When the ancient Polynesians invented surfing, they often used a paddle to help them navigate. Fast-forward a few millennia, and Stand-Up Paddleboarding, or SUP, finds itself trendy again. Part of its increasing popularity is that standing upright allows surfers to spot waves more easily and thus catch more of them, multiplying the fun factor. Paddling back to the wave becomes less of a strain as well. The ability to cruise along on flat inland water, surveying the sights, is another advantage. Finally, its a good core workout. If youre sold on the idea, schedule an intro SUP lesson, free with board and paddle rental, and you may find yourself riding the waves like a Polynesian king.More
Llewelynn Fletcher's immersive sculptures beguile the senses. Sasha Petrenko's site-specific installations and performances strive to capture a dynamic, living planet. Austin Thomas hides heady themes in seemingly austere drawings, photos, and sculptures. She also cobbles together site-specific social spaces which she calls "perches," but which are obviously kick-ass treehouses, minus the trees. These and other artists are contributing super-sized works for "Just Passing Through: Sculptures and Installations" at the University of San Francisco's Rooftop Sculpture Terrace. "Just Passing Through" promises to challenge notions about how we inhabit or pass through space, or at least provide a lovely respite in a busy city.
"Just Passing Through: Sculptures and Installations" is open to the public 9 a.m.-5 p.m. and runs through Dec. 11 at Kalmanovitz Hall, University of San Francisco, 2130 Fulton St., S.F. Free; 422-5178 or usfca.edu. More
Mondays-Fridays, 9 a.m.-5 p.m. Continues through Dec. 11
Only a few months after The Days of Anna Madrigal, the ninth book in Armistead Maupin's Tales of the City series, came out, the soon-to-be 70-year-old writer and his husband announced they were moving back to San Francisco after two years in Santa Fe.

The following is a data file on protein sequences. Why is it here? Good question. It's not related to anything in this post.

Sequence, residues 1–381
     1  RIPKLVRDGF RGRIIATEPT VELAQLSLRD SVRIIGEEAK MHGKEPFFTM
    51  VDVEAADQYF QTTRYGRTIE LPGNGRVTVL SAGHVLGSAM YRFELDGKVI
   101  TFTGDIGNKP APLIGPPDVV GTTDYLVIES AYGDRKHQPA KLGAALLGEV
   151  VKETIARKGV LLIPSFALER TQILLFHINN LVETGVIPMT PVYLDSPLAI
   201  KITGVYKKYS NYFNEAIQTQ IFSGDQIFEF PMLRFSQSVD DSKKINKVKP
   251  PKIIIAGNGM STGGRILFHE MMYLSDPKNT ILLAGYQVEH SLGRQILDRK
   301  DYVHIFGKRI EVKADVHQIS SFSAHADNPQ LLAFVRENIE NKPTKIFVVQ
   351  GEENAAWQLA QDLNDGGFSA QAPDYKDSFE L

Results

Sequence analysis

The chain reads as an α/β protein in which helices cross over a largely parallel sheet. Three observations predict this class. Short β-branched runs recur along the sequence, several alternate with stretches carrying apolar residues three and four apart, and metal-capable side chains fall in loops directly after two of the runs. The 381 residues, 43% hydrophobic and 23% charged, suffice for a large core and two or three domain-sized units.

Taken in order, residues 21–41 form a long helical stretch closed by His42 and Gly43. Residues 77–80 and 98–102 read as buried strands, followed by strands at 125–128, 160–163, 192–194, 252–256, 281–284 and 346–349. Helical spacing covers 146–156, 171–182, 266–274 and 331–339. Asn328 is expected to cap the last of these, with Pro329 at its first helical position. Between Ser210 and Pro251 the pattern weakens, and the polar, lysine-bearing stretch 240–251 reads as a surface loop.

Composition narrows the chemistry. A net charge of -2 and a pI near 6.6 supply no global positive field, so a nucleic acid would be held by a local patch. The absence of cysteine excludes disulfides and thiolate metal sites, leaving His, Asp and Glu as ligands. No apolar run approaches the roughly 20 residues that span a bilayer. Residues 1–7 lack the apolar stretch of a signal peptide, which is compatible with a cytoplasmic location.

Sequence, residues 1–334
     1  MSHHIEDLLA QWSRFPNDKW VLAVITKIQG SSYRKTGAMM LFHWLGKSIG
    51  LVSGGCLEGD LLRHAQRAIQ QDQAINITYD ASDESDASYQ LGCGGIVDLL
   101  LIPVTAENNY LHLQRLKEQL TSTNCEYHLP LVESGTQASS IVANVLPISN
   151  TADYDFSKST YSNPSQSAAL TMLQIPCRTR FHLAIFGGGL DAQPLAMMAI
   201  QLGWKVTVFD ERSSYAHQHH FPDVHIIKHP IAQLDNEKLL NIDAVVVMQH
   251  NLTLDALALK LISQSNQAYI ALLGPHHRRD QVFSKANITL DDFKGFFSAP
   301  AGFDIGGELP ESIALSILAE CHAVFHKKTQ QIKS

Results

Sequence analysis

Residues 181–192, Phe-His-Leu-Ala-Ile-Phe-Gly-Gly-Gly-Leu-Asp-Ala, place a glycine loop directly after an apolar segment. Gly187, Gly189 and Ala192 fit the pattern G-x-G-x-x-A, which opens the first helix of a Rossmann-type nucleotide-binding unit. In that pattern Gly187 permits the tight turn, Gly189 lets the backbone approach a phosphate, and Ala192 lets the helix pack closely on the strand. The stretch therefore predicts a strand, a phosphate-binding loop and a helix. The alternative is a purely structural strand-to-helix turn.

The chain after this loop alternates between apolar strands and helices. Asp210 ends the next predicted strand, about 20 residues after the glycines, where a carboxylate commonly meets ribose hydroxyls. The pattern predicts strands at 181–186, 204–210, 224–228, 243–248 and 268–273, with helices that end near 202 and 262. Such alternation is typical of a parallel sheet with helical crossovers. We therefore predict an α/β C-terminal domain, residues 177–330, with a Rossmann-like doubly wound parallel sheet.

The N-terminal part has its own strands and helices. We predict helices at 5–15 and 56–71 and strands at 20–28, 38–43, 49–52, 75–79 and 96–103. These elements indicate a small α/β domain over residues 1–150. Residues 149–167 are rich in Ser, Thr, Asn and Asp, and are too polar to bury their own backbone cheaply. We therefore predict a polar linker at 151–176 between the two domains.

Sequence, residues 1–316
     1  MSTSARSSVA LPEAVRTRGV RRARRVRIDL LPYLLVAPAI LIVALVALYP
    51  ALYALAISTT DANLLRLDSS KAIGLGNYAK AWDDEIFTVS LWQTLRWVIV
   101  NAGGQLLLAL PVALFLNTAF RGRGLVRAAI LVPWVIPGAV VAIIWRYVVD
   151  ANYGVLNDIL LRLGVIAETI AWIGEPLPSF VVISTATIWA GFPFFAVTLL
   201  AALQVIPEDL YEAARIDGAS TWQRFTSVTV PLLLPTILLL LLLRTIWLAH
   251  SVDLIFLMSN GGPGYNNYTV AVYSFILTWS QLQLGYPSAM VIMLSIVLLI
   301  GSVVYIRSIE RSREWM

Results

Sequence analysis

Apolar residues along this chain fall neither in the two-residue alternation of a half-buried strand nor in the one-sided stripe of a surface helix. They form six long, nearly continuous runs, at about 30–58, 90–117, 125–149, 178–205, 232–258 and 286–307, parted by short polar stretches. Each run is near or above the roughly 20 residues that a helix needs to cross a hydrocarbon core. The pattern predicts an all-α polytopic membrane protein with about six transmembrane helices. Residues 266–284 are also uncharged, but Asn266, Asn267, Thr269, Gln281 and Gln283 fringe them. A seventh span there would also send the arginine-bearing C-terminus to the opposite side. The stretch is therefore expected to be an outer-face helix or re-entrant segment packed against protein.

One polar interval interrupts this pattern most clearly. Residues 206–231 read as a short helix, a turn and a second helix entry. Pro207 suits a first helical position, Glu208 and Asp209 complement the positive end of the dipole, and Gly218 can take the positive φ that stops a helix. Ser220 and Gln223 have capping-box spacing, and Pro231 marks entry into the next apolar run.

The pair of Pinter one-acts at ACT works as a brief, two-punch retrospective at which audiences can compare the playwright's first play, The Room (1957), with one of his latest, The Celebration. The first is a sleepy, postwar-Britain chamber piece about a woman (Diane Venora) cooking for and nattering at her tremendously silent husband (Marco Barricelli) in a drab kitchen. Venora has a certain charm at first, but her British accent and flurrying stage presence aren't strong enough to carry the script, which has some early-Pinter flaws of its own (sterility, forced Beckettisms). The cast as a whole does manage its pauses, though, holding the sinister tension beautifully until some pungent line springs the audience into laughter. But the show is less conclusive -- and less crowd-pleasing -- than The Celebration, which is flat-out yuppie satire, with fashionable Londoners in a swank restaurant yelling at each other about the wine, the food, the service, their salaries, and the sexy young betty from the neighboring booth. It might remind ACT subscribers of last season's Glengarry Glen Ross, not only because of Marco Barricelli's blustery performance in a power suit and Loy Arcenas' red-toned restaurant set, but also because David Mamet owes so much to Pinter. Gregory Wallace also does excellent work as an intrusive, social-climbing waiter. "Do you mind if I interject?" he keeps saying, a phony like the others, hoping to convince somebody that his grandfather drank with Thomas Hardy and stood as James Joyce's godmother.